Quashed while being publicised quite neatly at the same time, by a practiced professional.
"This is the final Australian tour [but] I am not hanging up my suit anywhere else yet,” she says. “It’s my 50th anniversary and I thought what a perfect time [to mark the end of long distance touring] and there’s a four CD box set chronicling my career from ‘64 up to the present day, with a new single, called The Girl From Detroit City, which is a great single, Mike Chapman wrote it.”
There’s also going to be a book of poetry, Through My Eyes. Then more touring for as far as the eye can see and even a promise that if the nostalgia market was to demand a return to her Happy Days character of Leather Tuscadero (who of course you remember was the sister of the Fonz’s favourite, Pinky Tuscadero, and had a band called Leather and the Suedes) she would “be there with bells on”.
“I’m rolling it along as I go. If I feel good, if it feels right, if the suit still fits ....” she says. “I'm not stopping working, I'm not stopping recording. I will continue to rock for as long as I can."
The new single written by Chapman isn’t merely a link to the past, for he has been involved with her in some capacity up to and including her 2011 album In The Spotlight, even as she took over the songwriting again in the 1980s. But it did tap into that past with Quatro calling The Girl From Detroit “my life in a song”.
Not that you’re likely to hear it on the radio of course where the classic hit stations rarely venture into female-fronted rock bands – t’was ever thus – and the new music stations have troubles with anyone aged over 30.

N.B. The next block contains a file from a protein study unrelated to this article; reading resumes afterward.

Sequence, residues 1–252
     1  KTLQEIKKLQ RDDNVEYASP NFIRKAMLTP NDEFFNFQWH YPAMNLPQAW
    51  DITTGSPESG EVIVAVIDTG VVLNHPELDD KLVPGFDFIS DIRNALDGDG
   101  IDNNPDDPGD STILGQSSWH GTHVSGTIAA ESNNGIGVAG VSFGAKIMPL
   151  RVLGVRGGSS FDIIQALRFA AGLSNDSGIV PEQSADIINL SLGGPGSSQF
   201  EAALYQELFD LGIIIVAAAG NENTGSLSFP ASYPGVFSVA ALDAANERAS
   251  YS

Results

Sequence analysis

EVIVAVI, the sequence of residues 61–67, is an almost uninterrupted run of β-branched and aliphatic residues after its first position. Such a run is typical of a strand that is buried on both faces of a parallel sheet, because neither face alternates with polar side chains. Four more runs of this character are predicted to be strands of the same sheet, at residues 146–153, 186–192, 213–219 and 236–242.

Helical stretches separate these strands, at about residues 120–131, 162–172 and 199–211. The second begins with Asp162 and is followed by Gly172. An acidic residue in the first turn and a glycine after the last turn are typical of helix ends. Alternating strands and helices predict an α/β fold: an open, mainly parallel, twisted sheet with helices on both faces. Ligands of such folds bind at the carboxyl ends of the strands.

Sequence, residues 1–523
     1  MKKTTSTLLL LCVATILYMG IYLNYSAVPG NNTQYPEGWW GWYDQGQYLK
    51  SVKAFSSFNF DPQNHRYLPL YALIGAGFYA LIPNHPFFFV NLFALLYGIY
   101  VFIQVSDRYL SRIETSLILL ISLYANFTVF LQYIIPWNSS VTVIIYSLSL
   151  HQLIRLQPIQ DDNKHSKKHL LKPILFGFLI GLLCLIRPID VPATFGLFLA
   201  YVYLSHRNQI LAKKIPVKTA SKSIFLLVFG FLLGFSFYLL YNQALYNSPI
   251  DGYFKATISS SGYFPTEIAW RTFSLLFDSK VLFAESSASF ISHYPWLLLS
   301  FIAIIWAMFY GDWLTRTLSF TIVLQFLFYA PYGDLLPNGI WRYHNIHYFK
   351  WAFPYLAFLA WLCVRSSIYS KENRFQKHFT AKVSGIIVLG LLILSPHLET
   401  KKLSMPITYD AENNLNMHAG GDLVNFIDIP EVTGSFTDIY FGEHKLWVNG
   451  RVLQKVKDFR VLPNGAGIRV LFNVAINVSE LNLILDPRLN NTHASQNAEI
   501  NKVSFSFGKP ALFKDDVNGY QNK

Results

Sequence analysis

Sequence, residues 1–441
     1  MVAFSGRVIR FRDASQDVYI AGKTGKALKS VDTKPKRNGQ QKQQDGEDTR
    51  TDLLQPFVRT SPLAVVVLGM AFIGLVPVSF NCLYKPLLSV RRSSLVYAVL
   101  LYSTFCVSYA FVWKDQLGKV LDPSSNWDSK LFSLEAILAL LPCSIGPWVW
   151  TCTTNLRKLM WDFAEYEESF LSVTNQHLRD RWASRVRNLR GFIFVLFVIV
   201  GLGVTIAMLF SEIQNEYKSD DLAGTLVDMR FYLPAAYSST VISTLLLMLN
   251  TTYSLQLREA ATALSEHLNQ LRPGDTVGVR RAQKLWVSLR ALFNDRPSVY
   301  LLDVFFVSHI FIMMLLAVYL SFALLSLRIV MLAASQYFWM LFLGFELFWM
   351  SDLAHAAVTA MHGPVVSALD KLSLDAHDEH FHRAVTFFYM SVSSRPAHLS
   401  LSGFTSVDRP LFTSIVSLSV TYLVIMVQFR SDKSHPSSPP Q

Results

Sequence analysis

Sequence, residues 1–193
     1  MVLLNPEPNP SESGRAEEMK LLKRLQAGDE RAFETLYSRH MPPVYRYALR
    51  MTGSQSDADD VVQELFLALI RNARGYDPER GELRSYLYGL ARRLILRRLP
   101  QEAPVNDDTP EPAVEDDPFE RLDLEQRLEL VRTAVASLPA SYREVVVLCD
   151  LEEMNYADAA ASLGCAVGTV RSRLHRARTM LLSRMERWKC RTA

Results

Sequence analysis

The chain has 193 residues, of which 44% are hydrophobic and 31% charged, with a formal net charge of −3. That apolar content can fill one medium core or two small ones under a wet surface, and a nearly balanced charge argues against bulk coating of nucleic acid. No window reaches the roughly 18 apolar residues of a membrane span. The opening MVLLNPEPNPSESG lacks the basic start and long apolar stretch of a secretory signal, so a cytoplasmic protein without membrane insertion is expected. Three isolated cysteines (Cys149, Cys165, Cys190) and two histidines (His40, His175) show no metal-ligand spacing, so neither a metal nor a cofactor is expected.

Does she get frustrated that she may have songs as good as the golden years but can't get them heard? Not really, maybe because she's too busy – including a twitter and Facebook presence - to stop and worry.
"With the Internet now, people hear your stuff all the time: I've got about 85 pages on YouTube,” Quatro says, adding that she will occasionally respond directly to people through social media, declaring herself "very approachable” and happy to have that regular and immediate response from fans rather than waiting to see how an album charted or how a tour would sell to know what people thought.
"With me being the communicator that I am, it's been a nice turn. That you can interact, I like that, I love that.”
The communication may be new-styled but is playing live any different now than how it was in 1974 and 1984 and even 1994?
"Live I've always been the same. I have the old-fashioned attitude my dad instilled in me from a child: when you get up there if you don't give 300 per cent you've got no business being on the stage,” she says firmly. "When you are having your first hits there is a lot of pressure; now the only pressure I feel is to make sure I get to bed in enough time to get enough sleep to keep my voice in top shape. My voice has improved, Mike Chapman told me that. Everybody who hears me tells me that.
“A lot of people lose their voice as they get older, mine has got more strength. I just don't do the rock 'n' roll lifestyle of the stage. I'm sensible."
Does she have any vices left?
"I like my glass of wine but I get drunk very easily because I'm little. I'm a cheap date but it has to be a good glass of wine."
That sounds more like a quick date than a cheap date.
"Those are your words,” she laughs. “Not mine.”
Cheap or quick, these may be the last dates for us anyway, so for the final show she’ll play here what is the song she wants to go out on? What would be the definitive final statement from Suzi Quatro?
"I don't want to give it away because the final moment is going to be quite tearjerking, but the final big hit in the show will be Devil Gate Drive, which is that song.”
"Hey, you all want to go down to Devil Gate Drive? Well, come on"!
Suzi Q opens on November 21. Suzi Quatro plays Newcastle Entertainment Centre, November 8, Enmore Theatre, Sydney, November 9 and 10.